The City would appreciate your opinion and hearing about your experiences.  Visit for more information about the subject citywide and choose your area to find the Survey.  To review the information newsletter from Toronto Water that was delivered door to door and to read more about the subject click this link:


Note that a second area in Ward 21 – “Area 40-Cedarvale Forest Hill” which extends east of Bathurst Street will have its first consultation this Fall. Stay tuned for meeting details through my e-newsletter, via our Events Calendar here and via social media.


TTC Infrastructure Improvements

Beginning in mid-June, the TTC will be co-ordinating various accessibility and infrastructure improvement projects along the St Clair streetcar route and inside both St Clair and St Clair West stations. Throughout this construction, buses will replace streetcars along the 512 St. Clair streetcar route. For details about the scope of the construction, please see a complete overview of the projects here.

Glen Cedar Pedestrian Bridge: Update #3

The fences on the Glen Cedar pedestrian bridge were put up to protect residents from rotting planks on the “sidewalk” sections of the bridge. This bridge gets inspected as part of the City’s bi-annual inspection program. As part of the last inspection some wear and tear on some of the planks was noted and suggested for replacement in the next couple of years. However, it recently came to the attention of Transportation staff that the sidewalk portions were unsafe and that rotting had occurred to an extent that posed a safety risk to users. The sidewalk portions of the bridge were installed in a different fashion from the main walkway of the bridge and as a result have shown quicker deterioration. In order to ensure the safety of the bridge users, the raised “sidewalk” sections will have to remain fenced off until the bridge rehabilitation works are completed. My office is working with Engineering Construction Services to determine a reasonable timeline for this work.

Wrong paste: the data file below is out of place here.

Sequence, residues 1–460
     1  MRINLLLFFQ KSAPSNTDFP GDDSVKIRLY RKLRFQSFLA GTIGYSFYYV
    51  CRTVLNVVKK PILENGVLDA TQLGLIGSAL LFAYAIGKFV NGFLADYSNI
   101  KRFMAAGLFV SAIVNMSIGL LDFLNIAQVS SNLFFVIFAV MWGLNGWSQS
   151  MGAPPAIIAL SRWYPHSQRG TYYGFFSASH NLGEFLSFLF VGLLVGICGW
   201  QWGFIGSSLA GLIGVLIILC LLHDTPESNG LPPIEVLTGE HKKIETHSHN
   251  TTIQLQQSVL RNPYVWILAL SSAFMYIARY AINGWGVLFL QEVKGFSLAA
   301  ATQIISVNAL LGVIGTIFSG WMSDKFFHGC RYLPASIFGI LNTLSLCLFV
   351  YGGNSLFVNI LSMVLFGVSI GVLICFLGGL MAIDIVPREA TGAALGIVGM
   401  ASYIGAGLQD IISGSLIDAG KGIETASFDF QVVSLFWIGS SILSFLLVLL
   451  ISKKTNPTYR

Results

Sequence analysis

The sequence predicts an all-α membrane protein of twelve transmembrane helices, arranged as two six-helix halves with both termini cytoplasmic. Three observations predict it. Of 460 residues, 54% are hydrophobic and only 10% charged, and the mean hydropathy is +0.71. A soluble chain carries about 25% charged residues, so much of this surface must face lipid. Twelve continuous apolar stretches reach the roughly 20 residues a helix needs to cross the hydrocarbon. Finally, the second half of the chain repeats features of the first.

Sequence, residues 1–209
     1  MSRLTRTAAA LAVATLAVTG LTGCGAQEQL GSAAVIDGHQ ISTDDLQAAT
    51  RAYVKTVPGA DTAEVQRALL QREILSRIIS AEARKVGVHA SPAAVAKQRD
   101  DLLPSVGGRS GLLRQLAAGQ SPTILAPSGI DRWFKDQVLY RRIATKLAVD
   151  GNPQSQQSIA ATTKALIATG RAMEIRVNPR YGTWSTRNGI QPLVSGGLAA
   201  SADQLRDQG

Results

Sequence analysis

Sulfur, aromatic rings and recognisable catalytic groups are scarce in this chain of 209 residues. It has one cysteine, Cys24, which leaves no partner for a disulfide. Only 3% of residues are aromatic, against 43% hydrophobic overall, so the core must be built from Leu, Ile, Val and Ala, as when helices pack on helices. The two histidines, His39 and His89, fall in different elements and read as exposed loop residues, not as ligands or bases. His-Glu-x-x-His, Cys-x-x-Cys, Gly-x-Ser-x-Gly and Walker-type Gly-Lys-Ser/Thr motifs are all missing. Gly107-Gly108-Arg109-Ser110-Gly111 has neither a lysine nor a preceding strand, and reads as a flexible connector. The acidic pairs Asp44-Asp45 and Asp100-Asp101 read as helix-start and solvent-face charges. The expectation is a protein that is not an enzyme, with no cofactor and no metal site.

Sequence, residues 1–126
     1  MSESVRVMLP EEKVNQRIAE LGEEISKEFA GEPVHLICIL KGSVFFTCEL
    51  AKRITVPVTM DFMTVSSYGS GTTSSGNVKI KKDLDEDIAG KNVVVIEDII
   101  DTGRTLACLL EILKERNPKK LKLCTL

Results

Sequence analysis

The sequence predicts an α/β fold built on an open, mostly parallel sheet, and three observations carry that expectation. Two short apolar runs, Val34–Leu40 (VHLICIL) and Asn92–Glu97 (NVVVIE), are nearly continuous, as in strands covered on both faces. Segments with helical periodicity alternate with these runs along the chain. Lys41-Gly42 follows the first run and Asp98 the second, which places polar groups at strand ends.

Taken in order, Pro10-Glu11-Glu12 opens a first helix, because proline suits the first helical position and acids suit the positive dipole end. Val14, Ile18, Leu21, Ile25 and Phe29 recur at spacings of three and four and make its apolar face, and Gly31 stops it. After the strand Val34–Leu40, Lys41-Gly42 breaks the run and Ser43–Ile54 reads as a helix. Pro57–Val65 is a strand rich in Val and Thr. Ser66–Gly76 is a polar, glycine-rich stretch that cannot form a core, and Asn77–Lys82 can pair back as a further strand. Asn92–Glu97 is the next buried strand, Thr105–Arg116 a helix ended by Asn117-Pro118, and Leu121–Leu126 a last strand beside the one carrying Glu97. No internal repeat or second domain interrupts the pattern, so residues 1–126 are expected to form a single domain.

The bridge is not undergoing an Environmental Assessment with the province as was last reported.

Refugee Resettlement Program Q&A

Councillor Joe Cressy and I were recently appointed Toronto’s Newcomer Advocates. I am honoured to take on this role and help to make newcomers to Toronto feel welcome and supported.

There are a lot of questions flying around about what Toronto’s role will be as part of the Syrian Refugee Resettlement Program across the country.

For a full list of frequently asked or need to know questions please click here.

Questions include: How many refugees are headed to Toronto? What steps has the City taken? What are the most immediate needs to settle the refugees? etc…

If you have questions that aren’t included here you can contact my office or Councillor Cressy’s office and we will do our best to give you the most up to date information.

Glen Cedar Road pedestrian bridge: update

My office has received a few requests for information on why chain link fences have been put up on the sides of the Glen Cedar Road pedestrian bridge that crosses over the Cedarvale Ravine.

The update that we received from City Staff last week was that the bridge is currently being surveyed by City engineers to determine whether any structural concerns need to be addressed. The fences are up as a safety precaution and can be expected to be there for several weeks while work is being assessed. The bridge will remain open.

Winter Updates